THE foundation last autumn of the World Federation of Trade Unions -- into which, not without some dying convulsions, the old International Federation of Trade Unions has been quietly merged -- marked a stage, though not necessarily a final one, in the rivalry of the past 25 years between two different currents in the world labor movement. The cleavage was and is apparent, but is not easy to define, since many streams have gone to make up each broad current. It is not identical with the cleavage between the Second and Third Internationals; for although the older trade unions were associated with the Second International and suffered badly in prestige from its decline in the period between the two wars, many of the forces which went to build up the new World Federation would at no time have had any truck with the Comintern. It would be equally inappropriate to describe it as a clash between "reformist" and "revolutionary" trade unionism. The unions imbued with the new trends are on the whole more radical than the older unions. But no unions of any importance can now be said to pursue their aims by revolutionary methods; one and all, broadly speaking, are striving to harness the state to their purposes, not to destroy it.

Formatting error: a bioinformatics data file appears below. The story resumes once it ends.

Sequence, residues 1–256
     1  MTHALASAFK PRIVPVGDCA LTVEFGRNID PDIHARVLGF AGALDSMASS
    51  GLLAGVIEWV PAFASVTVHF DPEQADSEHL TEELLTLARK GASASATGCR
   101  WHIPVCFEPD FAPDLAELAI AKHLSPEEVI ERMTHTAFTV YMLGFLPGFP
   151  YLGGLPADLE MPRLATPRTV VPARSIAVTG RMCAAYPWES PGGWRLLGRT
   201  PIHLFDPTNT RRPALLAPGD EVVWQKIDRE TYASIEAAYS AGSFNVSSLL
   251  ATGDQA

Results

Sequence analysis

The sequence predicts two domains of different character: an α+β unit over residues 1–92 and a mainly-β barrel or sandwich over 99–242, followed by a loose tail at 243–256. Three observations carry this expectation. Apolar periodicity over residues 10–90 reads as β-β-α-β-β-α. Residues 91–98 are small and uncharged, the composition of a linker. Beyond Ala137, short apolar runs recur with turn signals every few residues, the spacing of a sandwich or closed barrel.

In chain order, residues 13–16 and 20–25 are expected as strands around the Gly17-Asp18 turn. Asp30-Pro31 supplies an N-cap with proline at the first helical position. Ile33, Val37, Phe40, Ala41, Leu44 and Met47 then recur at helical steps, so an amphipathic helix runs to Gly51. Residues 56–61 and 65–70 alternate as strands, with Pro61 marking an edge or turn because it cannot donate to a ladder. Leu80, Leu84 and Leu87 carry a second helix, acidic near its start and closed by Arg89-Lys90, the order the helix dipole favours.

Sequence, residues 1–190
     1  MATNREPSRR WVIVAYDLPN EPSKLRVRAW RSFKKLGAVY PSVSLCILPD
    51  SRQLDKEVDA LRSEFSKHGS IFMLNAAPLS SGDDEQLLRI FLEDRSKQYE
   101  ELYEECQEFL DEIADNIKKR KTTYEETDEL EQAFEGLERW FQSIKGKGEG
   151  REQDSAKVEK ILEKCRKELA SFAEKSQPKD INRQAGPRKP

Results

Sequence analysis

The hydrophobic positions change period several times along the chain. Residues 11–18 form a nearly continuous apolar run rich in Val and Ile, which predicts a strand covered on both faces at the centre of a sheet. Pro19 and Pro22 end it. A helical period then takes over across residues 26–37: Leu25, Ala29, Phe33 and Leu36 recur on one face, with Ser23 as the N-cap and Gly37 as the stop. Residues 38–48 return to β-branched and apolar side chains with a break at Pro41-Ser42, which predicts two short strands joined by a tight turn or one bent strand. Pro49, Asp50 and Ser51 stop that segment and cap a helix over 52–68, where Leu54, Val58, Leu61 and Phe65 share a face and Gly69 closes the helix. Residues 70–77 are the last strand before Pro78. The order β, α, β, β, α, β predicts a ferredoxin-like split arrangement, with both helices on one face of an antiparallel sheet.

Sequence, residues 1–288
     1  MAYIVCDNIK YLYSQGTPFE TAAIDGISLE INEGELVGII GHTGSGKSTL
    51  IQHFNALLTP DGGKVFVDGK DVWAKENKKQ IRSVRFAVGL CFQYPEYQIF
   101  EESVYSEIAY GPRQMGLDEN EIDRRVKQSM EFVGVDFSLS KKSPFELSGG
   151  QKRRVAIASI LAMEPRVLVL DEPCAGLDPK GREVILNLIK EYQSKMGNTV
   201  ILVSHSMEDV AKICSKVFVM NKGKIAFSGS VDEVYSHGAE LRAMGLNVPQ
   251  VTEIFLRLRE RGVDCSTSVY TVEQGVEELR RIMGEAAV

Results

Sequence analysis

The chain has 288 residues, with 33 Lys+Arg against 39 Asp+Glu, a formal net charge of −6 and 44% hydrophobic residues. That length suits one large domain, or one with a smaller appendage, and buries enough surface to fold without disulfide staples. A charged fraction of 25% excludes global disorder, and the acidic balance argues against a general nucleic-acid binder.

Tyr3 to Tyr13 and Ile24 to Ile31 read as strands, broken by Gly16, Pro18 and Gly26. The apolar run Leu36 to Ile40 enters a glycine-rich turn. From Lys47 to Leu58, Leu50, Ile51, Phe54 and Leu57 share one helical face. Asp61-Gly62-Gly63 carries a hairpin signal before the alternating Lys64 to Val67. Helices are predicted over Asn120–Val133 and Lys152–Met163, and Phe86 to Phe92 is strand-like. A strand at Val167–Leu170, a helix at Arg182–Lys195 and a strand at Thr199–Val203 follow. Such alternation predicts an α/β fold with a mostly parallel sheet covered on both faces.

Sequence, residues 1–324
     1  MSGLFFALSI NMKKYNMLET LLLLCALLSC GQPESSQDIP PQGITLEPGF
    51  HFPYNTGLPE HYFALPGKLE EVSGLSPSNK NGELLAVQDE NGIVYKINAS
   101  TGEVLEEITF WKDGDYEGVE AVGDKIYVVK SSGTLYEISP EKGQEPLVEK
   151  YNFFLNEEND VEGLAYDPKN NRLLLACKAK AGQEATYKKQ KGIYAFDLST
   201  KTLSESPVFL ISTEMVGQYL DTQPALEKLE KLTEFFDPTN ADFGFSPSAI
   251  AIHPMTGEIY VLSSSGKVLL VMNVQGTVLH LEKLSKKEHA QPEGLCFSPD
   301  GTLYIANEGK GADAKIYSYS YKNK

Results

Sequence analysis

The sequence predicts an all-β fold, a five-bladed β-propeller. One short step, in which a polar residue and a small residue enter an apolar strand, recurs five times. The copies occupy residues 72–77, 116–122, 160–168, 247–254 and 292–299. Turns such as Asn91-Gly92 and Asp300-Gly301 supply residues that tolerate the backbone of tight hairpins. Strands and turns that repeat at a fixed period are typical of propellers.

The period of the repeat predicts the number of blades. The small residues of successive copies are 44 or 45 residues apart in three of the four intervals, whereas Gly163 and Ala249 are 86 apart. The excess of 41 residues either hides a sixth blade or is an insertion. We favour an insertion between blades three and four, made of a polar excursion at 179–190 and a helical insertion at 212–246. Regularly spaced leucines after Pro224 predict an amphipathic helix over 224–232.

One clue to the difference is perhaps the evolution from the older craft union to the modern industrial union -- the historical divergence which in the United States lies at the root of the divisions between A.F. of L. and C.I.O. Thus the A.F. of L. with its rooted predilection for the craft basis stands at one end of the scale; at the other end are the Soviet trade unions organized exclusively on the principle that all workers in the same concern, whatever their trade, belong to one union. The British trade unions are intermediate in this respect, but are passing over gradually from a preponderantly craft to a preponderantly industrial basis.
A more important
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